Monday, 10 October 2011

The NMRA Convention wrap...

Hello gain, and I'm back now from a tiring, but certainly enjoyable and inspiring weekend at the 2011 Australasian NMRA Convention, held up in Melbourne.  I headed up on the Friday afternoon to assist with setting up the venue for the weekend, before enjoying two days of interesting clinic topics and conversations on a mixed bag of model railway subjects.  It was a fairly intimate event, with about 80 attendees.  The venue made it look like a small crowd, but it was all good company.  Early starts and late nights, with lots of ideas to think about while laying in bed at night can make a young-ish body weary.

Across the two days, we got to hear a good range of topics presented in either lecture or workshop formats, from DCC LED applications, casting techniques, CNC milling with live demonstrations, various discussions on model development and techniques, as well as a number of talks on some prototype settings and modelling thoughts. As well as that, I was also there to host a couple of workshops on how I go about building my gum trees, which was well supported by all, and I was happy to receive plenty of positive feedback (as well as some good after discussions brain storming some new ideas).  Thanks to Mario Rapinett for the couple of shots during the clinic.  I'll add here a link to my clinic notes on how I do these trees (its a 10.4MB file as a word of warning)...


As well as the clinics and workshops, a couple of traders supported the event, with thanks to Brunel Hobbies, Outback Model Company, Narrow Gauge Downunder, and Fine Art Model Trains, for being there to happily accept some modellers hard earned dollars. 

There was also the modelling competition that is usually a part of such an event.  I was quite happy to accept the award for best diorama (with my Kawarren piece, as featured in the previous blog posting), as well as the "Rick Shoup Award" for best model of an Australian/New Zealand prototype.  I also thought I'd have the Kawarren goods shed structure judged under the NMRA criteria, and was happy to score a merit of 108/125 with it.


And then here's a selection of images from across the weekend.  Congratulations to those others who were awarded in the various competition categories.  If I could have one slightly negative thing to report from the weekend, it was the perhaps low number of participants in the said competitions.  I would prefer to see more entries to this area, even if the model is not entered with the intention to receive any awards (I don't neccessarily enter things with the prize in mind, although I do like to offer my best work), but to atleast put more on offer for fellow modellers to admire and discuss during the show.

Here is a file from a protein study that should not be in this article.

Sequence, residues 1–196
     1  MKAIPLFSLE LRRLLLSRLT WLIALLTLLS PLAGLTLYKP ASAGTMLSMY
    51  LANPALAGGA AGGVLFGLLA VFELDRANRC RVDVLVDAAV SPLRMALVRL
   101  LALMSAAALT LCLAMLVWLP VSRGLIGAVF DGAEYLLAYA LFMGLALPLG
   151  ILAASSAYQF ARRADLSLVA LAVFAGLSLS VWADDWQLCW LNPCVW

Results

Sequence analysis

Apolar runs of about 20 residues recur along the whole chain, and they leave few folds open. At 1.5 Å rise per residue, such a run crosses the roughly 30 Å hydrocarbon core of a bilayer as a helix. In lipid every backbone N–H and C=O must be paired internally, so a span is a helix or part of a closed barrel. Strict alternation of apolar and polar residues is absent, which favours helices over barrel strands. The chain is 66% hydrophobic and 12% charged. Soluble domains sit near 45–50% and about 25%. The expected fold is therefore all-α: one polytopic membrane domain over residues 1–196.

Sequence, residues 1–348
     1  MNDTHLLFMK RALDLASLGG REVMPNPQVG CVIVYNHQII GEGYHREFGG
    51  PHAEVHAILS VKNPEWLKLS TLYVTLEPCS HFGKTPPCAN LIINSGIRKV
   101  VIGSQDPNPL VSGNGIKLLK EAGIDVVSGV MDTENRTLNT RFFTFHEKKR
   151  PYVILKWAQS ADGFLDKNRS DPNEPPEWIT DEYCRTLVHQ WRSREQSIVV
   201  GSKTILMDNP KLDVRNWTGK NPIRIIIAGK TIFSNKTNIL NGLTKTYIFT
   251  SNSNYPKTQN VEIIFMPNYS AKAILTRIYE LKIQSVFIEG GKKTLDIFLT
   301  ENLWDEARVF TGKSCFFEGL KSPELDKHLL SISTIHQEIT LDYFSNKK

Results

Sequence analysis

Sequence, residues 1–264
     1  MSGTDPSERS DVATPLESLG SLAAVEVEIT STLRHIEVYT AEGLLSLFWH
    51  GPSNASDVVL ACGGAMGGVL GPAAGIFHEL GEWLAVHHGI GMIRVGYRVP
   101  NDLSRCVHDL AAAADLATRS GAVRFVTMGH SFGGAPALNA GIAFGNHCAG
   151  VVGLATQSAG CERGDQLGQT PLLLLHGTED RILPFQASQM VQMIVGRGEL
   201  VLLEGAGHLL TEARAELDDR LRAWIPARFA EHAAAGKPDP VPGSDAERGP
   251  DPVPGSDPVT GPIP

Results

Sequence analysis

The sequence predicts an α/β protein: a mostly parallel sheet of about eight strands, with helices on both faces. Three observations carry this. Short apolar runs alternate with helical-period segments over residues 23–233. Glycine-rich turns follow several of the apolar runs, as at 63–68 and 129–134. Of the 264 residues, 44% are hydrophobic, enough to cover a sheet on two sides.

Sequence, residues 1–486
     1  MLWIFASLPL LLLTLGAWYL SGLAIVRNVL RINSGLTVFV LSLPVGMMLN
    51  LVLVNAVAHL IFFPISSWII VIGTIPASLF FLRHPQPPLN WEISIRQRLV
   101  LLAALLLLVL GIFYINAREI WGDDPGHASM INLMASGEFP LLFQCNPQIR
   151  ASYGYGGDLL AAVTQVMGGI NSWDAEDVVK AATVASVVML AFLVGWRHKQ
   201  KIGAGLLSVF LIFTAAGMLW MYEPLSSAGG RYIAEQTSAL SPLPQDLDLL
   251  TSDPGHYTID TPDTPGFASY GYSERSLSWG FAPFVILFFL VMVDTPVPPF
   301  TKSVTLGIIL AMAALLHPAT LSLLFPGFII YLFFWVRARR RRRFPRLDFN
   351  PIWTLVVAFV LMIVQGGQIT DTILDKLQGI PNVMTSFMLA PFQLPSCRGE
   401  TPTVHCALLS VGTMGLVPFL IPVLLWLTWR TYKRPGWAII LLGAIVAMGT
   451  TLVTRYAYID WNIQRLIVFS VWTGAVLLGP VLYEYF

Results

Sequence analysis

There was a number of private layout tours available for the Sunday afternoons entertainment, with a mix of scales and gauges to visit, but I had a long drive ahead of me, so opted not to head out and visit any of these (another day maybe).







 Thanks to the organising committee of the 2011 Melbourne NMRA Convention for the hours dedicated to planning such an event.  Its a tiring job with little reward, but their efforts were thoroughly appreciated by all in attendance.

Cheers,
Dan






2 comments:

  1. Dan, a great write up, I've downloaded the tree building, really easy to read, had me wanting to head out a build a few gums right now! Thanks for sharing the info to those who couldn't get to the convention. Congrats on the well deserved awards as well, Geoff.

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  2. G'day Geoff,
    Thanks for that. Glad you found the notes effective. It can be a bit intimidating to see 16 pages on how to make one tree, but the notes should cover most questions (plus there's heaps of photos). If I can say one thing about the trees, if you have a go at them, take your time at the start. With these trees, it really is a case of you get out of them what you put in. I can normally tell from even my bunch, which ones I've paid more attention too. Need to allow about an hour work time per big tree to enjoy the results more.

    Cheers,
    Dan

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